Numerous California cases, and those from other jurisdictions, have held that similar language of wills, addressed to the beneficiaries of particular devises, is precatory in effect, which may, therefore, not change or modify previous absolute gifts of real property in fee. In this case the very first declaration of the will is that, ‘Everything I own I leave to my Brother, ‘John Henry Plummer”, with the exception of certain specified legacies and bequests of money, stocks, bonds and personal effects. The Addie Ferdun ranch is not included in those enumerated exceptions. In re Estate of Marti, 132 Cal. 666, 671, 61 P. 964, 64 P. 1071; In re Estate of Mitchell, 160 Cal. 618, 117 P. 774; Adams v. Prather, 176 Cal. 33, 38, 167 P. 534; In re Estate of Cook, 58 Cal.App.2d 376, 136 P.2d 338; In re Estate of Sack, 88 Cal.App.2d 791, 199 P.2d 420; In re Estate of Hull, 77 Cal.App. 792, 247 P. 1093; In re Estate of Miles, 72 Cal.App.2d 336, 343, 164 P.2d 546; In re Estate of Mallon, 34 Cal.App.2d 147, 93 P.2d 245; 69 C.J. p. 78, secs. 1132, 1133; 19 Am.Jur. p. 576, sec. 120.
In Re Estate of Cook, supra [58 Cal.App.2d 376, 136 P.2d 339], the holographic will provided that, ‘All I have goes to Ethel the best wife a man could have. * * * At her death I would like my sister and brothers get at least 2000.00 each of my money and the balance to go to my daughter.’ On the assumption that the will created only a life estate in the widow, the probate court ordered the legacies to be paid out of the estate. From that order the administratrix appealed. On appeal, that order was reversed. The Appellate Court quoted with approval from the opinion in Re Estate of Marti, supra, as follows:
‘* * * ‘While the desire of a testator for the disposition of his estate will be construed as a command when addressed to his executor, it will not when addressed to his legatee be construed as a limitation upon the estate or interest which he has given to him in absolute terms.’'
Commenting on that rule, the Appellate Court said:
‘From our study of the cases it appears that the rule, broadly stated, is that when the person to whom a request is directed has nothing to do but to carry it into effect, which is usually true in the case of an executor, it will be deemed mandatory, but that if the desire is so stated as to indicate the testator's intention to merely influence and not control some future action to be taken by the person addressed, as is usually the case where such person is a beneficiary, the expression will be construed as precatory or as not effecting a testamentary disposition.’
Applying that rule to the will in the Re Estate of Cook, the court said that the reference in the will to payments of $2,000 to each of testator's brothers and sister ‘means that the testator was attempting to influence the discretion of someone who would have the power to dispose of what remained of the estate upon the death of his wife.’ (Italics added.) Following the rule announced in the Re Estate of Marti, the Appellate Court held in the Cook case that the language relied upon was precatory and ineffectual to change the absolute gift of testator's entire estate to his wife. The decree of the probate court was therefore reversed.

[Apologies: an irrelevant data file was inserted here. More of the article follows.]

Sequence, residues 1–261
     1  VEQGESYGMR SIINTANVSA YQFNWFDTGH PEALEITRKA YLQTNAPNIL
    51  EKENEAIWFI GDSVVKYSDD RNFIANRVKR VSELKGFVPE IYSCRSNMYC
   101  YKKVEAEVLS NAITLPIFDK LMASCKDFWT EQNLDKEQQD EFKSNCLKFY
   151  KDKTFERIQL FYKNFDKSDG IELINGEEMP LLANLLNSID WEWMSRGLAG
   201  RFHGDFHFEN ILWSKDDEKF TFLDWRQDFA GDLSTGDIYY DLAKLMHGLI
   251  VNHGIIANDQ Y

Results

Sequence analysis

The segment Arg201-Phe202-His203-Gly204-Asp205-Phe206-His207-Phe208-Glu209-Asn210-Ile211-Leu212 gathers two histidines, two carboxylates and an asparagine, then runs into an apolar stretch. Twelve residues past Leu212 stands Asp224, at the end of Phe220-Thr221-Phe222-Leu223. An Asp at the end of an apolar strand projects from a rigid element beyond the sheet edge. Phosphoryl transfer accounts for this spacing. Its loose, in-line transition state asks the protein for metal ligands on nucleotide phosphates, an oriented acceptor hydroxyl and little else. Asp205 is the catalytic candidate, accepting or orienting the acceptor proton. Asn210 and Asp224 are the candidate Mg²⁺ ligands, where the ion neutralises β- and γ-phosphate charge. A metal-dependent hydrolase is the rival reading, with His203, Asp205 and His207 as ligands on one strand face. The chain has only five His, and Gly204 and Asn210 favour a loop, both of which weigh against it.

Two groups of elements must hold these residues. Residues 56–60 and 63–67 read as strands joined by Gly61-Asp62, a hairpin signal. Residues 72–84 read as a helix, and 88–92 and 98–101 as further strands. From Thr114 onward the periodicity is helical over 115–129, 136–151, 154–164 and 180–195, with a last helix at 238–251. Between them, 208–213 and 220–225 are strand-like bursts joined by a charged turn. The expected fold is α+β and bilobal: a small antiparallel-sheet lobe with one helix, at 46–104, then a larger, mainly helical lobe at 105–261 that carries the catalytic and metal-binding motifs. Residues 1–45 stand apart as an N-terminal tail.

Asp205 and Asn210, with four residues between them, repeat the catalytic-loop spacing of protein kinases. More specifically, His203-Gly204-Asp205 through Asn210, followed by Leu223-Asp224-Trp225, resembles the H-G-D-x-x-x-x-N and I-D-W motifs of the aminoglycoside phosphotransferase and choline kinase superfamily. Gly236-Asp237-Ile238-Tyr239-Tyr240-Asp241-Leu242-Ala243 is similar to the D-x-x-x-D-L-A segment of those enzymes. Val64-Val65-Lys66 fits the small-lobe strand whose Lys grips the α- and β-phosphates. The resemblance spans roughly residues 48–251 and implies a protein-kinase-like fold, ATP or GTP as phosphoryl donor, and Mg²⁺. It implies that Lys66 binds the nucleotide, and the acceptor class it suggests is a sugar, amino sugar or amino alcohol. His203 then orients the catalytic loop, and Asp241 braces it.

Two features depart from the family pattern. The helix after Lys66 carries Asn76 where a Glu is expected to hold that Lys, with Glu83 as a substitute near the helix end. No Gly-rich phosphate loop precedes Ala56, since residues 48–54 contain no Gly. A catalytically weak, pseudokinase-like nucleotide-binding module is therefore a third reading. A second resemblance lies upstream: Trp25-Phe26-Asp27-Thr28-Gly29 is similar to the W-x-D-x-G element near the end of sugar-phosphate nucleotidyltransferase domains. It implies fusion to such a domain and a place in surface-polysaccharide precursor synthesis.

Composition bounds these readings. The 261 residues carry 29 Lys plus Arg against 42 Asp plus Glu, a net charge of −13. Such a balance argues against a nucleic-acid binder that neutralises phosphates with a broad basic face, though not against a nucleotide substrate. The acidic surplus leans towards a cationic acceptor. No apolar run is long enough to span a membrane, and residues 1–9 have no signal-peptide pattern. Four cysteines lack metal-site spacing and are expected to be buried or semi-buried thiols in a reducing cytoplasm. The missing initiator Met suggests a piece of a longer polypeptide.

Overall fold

In the present case the rule appears to be more clearly applicable for the language in controversy is specifically addressed to the testatrix' brother. She says, ‘at the time of your death John [you] leave it to Ernest Ferduns family.’ That language follows some friendly advice to her brother regarding that ranch and the Ferdun and Blodgett vineyard. In the Cook case the testator did not address his wife by name. He merely said ‘at her death I would like my sister and brothers' to get $2,000 each. Nevertheless, that language was held to be precatory and ineffectual.
In conformity with the preceding cited authorities, the text in 69 Corpus Juris, at page 79, section 1133, reads in that regard:
‘* * * Distinctions have been drawn between expressions of desire directed to beneficiaries, to executors, and to trustees. A wish directed to a beneficiary is generally regarded as precatory, unless clearly the words express the testator's intention to the contrary; * * *.’
In 19 American Jurisprudence, at page 576, it is likewise said in that regard:
‘Where there is an absolute or unlimited devise or bequest of property, a subsequent clause expressing a wish, desire, or direction for its disposition after the death of the devisee or legatee will not defeat the devise or bequest or limit the estate or interest in the property to the right to possess and use during the life of the devisee or legatee. The absolute devise or bequest stands, and the other clause is to be regarded as presenting precatory language. The will must be interpreted to invest in the devisee or legatee the fee simple title of the land and the absolute property in the subject of the bequest.’
We conclude that all of the real estate belonging to the testatrix was devised by the terms of the will to her brother John H. Plummer, in fee, unlimited by the subsequent precative language of the will with respect to the ‘Addie Ferdun vineyard’, and that the trial court therefore properly distributed the real property to the devisee, John H. Plummer.
The decree of final distribution is affirmed.
ADAMS, P. J., and PEEK, J., concur. Hearing denied; TRAYNOR, J., dissenting.